According to UNOS , over 100,000 people need a lifesaving organ transplant (total waiting list candidates). Of those, approximately 60,000 people are active waiting list candidates. The most common type of organ to be transplanted is the kidney.
One of the fundamental goals and values of the transplant community is the equitable allocation of organs. The need to eliminate racial disparities in transplantation has long been recognized. African-Americans are disproportionately affected by an insufficient number of organ donors.
For example, although African-Americans comprise just 13% of the U.S. population, they represent 32% of all U.S. patients receiving dialysis due to kidney failure. This is primarily due to the prevalence of hypertension and diabetes – both of which are leading causes of kidney disease – in the African-American community. Problems like these are compounded by the fact that the number of African-Americans who are in need of transplantation is significantly disproportionate to the number who are registered organ donors.
Below is an illustration of these complex mechanisms and how they influence persistent disparities in kidney transplantation. There are several mechanisms by which structural, institutional, and interpersonal racism may influence transplant disparities, and the figure below highlights a few of the examples that have been well-documented in the kidney transplant disparities literature.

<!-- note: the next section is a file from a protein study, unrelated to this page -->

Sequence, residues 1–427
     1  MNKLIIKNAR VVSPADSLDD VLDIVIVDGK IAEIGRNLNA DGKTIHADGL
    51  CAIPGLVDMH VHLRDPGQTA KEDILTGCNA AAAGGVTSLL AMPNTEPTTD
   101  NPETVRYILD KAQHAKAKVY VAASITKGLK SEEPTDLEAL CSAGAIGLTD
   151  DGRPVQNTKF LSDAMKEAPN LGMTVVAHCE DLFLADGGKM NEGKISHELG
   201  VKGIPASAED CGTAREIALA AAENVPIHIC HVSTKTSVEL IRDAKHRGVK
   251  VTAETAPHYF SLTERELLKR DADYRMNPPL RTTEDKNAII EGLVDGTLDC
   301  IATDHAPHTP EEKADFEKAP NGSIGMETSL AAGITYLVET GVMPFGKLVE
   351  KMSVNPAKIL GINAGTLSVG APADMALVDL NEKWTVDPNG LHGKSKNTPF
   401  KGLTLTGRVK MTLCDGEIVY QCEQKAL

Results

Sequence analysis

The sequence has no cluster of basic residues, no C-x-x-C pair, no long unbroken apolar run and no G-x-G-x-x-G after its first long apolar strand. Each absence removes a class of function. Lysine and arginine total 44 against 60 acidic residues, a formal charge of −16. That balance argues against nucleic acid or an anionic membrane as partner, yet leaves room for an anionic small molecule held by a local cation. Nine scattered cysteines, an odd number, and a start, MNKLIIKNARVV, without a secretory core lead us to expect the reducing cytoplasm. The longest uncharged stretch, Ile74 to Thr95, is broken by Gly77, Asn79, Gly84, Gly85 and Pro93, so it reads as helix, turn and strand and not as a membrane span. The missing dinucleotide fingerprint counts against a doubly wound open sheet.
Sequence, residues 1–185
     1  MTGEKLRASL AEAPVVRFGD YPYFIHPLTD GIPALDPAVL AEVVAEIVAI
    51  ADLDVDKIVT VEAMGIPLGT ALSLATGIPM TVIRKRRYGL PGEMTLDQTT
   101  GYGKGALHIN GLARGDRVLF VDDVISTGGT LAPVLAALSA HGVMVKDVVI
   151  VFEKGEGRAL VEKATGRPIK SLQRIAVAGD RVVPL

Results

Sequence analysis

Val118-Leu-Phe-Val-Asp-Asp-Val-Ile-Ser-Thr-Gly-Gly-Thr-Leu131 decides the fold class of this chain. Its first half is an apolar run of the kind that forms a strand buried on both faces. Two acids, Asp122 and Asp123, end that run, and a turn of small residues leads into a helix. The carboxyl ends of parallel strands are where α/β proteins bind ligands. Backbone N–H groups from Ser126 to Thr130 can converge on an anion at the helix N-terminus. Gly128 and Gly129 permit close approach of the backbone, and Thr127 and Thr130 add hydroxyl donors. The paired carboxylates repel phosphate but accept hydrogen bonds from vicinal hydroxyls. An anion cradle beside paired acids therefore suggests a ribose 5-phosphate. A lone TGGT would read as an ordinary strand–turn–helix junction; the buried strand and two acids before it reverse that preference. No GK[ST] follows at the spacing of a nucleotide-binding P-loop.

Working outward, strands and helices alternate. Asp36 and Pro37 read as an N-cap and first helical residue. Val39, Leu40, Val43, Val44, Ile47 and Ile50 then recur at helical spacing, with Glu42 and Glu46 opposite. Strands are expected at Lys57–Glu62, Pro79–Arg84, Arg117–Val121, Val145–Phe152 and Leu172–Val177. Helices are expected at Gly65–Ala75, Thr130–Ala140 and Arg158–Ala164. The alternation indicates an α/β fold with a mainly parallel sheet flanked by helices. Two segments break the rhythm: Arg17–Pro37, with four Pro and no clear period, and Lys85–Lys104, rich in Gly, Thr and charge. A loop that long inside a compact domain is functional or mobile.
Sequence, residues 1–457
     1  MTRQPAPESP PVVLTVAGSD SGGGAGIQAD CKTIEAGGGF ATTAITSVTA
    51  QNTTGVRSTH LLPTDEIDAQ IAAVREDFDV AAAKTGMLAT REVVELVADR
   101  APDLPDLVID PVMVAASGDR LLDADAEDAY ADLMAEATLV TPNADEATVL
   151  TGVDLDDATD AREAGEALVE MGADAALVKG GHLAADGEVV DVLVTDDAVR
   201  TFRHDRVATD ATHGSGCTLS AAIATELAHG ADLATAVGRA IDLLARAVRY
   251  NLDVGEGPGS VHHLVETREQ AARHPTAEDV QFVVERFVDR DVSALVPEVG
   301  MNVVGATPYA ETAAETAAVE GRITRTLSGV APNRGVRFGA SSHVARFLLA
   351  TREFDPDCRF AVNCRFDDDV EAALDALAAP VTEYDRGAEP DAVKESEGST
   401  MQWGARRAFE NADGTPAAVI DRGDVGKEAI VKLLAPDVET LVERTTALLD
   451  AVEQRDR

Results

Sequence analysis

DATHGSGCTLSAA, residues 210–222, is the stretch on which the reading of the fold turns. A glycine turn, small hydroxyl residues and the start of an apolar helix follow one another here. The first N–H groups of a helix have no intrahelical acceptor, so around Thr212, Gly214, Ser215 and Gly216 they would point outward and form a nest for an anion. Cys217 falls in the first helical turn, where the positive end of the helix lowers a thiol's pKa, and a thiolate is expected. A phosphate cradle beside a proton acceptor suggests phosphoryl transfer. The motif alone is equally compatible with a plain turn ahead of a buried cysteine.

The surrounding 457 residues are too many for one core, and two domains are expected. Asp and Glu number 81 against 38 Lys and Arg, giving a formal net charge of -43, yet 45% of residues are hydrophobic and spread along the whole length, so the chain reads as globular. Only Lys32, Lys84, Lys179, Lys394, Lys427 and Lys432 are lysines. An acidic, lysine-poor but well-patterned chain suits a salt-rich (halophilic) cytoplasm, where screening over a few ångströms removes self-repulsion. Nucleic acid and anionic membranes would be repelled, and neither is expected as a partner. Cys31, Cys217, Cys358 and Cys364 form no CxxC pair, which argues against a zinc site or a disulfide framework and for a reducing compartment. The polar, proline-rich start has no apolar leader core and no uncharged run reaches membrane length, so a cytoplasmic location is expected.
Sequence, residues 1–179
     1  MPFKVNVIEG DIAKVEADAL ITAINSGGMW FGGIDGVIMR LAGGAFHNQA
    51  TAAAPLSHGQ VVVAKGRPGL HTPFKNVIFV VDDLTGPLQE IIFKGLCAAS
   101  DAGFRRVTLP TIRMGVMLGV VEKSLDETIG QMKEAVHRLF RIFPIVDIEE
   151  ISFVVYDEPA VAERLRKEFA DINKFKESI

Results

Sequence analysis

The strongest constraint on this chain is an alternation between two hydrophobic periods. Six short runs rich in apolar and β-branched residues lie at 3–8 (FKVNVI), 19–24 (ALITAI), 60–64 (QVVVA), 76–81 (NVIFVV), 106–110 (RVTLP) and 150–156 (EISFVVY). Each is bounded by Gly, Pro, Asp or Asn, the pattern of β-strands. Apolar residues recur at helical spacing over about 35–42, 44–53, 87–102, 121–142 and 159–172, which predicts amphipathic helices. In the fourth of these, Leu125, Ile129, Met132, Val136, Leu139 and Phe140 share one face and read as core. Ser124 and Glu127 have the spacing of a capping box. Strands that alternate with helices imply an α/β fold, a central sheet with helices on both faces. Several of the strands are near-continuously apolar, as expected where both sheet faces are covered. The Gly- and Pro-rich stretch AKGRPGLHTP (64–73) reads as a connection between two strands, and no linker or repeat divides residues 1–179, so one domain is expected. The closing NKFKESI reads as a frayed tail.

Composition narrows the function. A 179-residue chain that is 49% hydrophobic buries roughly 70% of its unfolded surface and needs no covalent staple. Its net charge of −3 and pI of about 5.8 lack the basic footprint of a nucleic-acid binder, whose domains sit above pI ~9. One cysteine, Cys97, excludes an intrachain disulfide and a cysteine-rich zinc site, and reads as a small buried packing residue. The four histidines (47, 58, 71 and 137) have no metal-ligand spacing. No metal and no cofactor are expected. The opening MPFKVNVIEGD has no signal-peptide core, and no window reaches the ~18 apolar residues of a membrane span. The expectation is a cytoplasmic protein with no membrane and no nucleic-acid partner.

(above picture from Purnell TS, Simpson DC, Callender CO, Boulware LE. Dismantling structural racism as a root cause of racial disparities in COVID-19 and transplantation. Am J Transplant. 2021 Jul;21(7):2327-2332. doi: 10.1111/ajt.16543. Epub 2021 Apr 8. PMID: 33599027; PMCID: PMC8014768.)
Significant steps have been taken to remedy the situation via community outreach projects and educational initiatives. Training of bias reduction, health literacy, language, translation, cultural sensitivity have been introduced into some health systems. New changes to kidney and pancreas allocation policies may help as well as standardized metrics to improve system processes and access.
To learn more about transplant access and bias and racism in surgery and medicine, check out these two podcasts:
- The Northwestern Medicine African American Transplant Access Program with Dinee Simpson, MD: Research: Feinberg School of Medicine: Northwestern University
- Behind The Knife: The Surgery Podcast: Systemic Bias and Structural Racism in Surgery and Medicine on Apple Podcasts
More articles about racial and ethnic disparities in transplantation:
- Evaluation of Racial and Ethnic Disparities in Cardiac Transplantation | Journal of the American Heart Association (ahajournals.org)
- Social Determinants of Health and Race Disparities in Kidney Transplant | American Society of Nephrology (asnjournals.org)
- Dismantling structural racism as a root cause of racial disparities in COVID‐19 and transplantation (jhu.edu)
- Racial/ethnic disparities in waitlisting for deceased donor kidney transplantation 1 year after implementation of the new national kidney allocation system - PubMed (nih.gov)
- African-Americans Face Significant Delays in Liver Transplantation Despite High Priority Scores | AASLD
- Disparities in Liver Transplantation Before and After Introduction of the MELD Score | Gastrointestinal Surgery | JAMA | JAMA Network
There is low representation of women and racial minorities in the transplant surgery workforce and the surgery workforce in general. Below are some articles that discuss workplace mistreatment and how that may lead to hostile work environments for women and racial minorities.